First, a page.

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Two Calla Lilies on Pink

Georgia O'Keeffe, American, 1887 - 1986

Made in United States, North and Central America


Oil on canvas

40 × 30 inches (101.6 × 76.2 cm) Framed: 41 9/16 × 31 1/2 × 2 inches (105.6 × 80 × 5.1 cm)

Curatorial Department:
American Art

Object Location:

Currently not on view

Accession Number:

Credit Line:
Bequest of Georgia O'Keeffe for the Alfred Stieglitz Collection, 1987

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Georgia O’Keeffe once remarked, “What is my experience of the flower if not color?” This painting of two calla lilies is an extraordinary example of her floral compositions, made of sweeping, broad waves of subtly blended hues. The white petals, highlighted in green, are arranged against a pink backdrop, and from each one emerges a bright yellow pistil. Many have interpreted O’Keeffe’s depictions of floral anatomy in relation to sexuality and gender, but the artist always resisted these interpretations, considering them too specific and limiting.

Additional information:
  • PublicationMasterpieces from the Philadelphia Museum of Art: Impressionism and Modern Art

    Georgia O'Keeffe once remarked, "What is my experience of the flower if not color?"1 This large-scale image of two calla lilies, made of broad, sweeping waves of subtly blended hues, is an extraordinary example of her floral paintings. The white petals, highlighted in green and penetrated by two bright yellow pistils, reach upward against a pink backdrop, set off by the dark green stems on the bottom left. The artist's abstracted floral studies from the 1920s and 1930s have strong sexual overtones, although she denied that this was her intention. O'Keeffe, who was familiar with the photographs of Alfred Stieglitz, Edward Steichen, Paul Strand, and Charles Sheeler, was intrigued by the aesthetics of photography and adopted the compositional device of isolating certain details and magnifying close-up angles, an approach she applied to her abstracted, expressive paintings. In 1929, shortly after completing Two Calla Lilies on Pink, she began spending her summers painting in New Mexico, and in 1949 she moved permanently to the former Native American village of Abiquiu, near Santa Fe, where she pursued her fascination with the striking forms of the natural world. Emily Hage, from Masterpieces from the Philadelphia Museum of Art: Impressionism and Modern Art (2007), p. 212.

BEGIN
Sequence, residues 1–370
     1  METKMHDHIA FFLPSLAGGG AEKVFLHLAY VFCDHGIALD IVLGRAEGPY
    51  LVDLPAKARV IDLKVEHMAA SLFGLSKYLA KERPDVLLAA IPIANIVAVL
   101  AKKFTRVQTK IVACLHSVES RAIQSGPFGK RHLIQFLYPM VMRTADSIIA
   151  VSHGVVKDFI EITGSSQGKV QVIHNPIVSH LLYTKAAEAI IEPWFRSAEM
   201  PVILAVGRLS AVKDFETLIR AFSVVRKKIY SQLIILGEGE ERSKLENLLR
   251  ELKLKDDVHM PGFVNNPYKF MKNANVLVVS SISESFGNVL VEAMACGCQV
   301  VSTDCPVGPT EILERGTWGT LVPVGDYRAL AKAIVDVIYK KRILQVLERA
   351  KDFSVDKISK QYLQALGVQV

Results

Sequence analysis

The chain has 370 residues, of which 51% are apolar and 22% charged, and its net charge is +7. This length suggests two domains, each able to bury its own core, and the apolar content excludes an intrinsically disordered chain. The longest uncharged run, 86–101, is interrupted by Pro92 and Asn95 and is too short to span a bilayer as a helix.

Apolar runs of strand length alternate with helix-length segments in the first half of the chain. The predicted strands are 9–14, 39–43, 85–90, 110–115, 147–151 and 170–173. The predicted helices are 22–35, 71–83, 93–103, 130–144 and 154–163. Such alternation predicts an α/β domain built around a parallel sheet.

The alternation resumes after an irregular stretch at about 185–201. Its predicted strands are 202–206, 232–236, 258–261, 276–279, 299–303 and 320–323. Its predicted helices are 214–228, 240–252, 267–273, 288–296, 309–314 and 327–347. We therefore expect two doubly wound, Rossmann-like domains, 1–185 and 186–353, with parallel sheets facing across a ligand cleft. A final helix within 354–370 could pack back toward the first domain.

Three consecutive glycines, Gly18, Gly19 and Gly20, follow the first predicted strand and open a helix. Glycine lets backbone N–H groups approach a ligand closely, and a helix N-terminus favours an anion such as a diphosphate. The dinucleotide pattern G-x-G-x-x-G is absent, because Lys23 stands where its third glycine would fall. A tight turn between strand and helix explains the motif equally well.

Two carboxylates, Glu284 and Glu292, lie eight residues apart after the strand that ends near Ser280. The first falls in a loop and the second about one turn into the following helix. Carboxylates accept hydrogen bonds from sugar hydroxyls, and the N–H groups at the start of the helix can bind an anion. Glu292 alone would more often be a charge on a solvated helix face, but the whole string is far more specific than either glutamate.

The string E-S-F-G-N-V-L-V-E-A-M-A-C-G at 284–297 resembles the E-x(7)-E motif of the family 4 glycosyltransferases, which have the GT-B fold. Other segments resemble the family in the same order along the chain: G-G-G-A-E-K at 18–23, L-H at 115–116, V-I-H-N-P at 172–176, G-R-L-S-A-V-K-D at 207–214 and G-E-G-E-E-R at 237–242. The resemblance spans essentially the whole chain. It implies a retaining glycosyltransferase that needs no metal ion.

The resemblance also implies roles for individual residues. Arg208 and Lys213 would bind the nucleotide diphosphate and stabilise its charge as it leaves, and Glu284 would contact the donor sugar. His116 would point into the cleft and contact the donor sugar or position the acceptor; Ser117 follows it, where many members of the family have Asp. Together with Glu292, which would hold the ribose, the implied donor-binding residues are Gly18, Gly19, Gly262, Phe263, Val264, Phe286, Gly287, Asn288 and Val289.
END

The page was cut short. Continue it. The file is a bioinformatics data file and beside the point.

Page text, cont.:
1) Quoted in Elizabeth Hutton Turner, Georgia O'Keeffe: The Poetry of Things (Washington, D.C.: The Phillips Collection, 1999), p. vii.